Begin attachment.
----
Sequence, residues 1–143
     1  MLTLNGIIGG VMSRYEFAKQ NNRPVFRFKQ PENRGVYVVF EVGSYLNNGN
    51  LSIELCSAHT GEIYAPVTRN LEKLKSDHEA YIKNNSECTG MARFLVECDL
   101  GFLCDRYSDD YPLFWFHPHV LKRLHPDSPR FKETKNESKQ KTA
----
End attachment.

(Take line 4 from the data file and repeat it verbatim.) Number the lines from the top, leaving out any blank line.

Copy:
   101  GFLCDRYSDD YPLFWFHPHV LKRLHPDSPR FKETKNESKQ KTA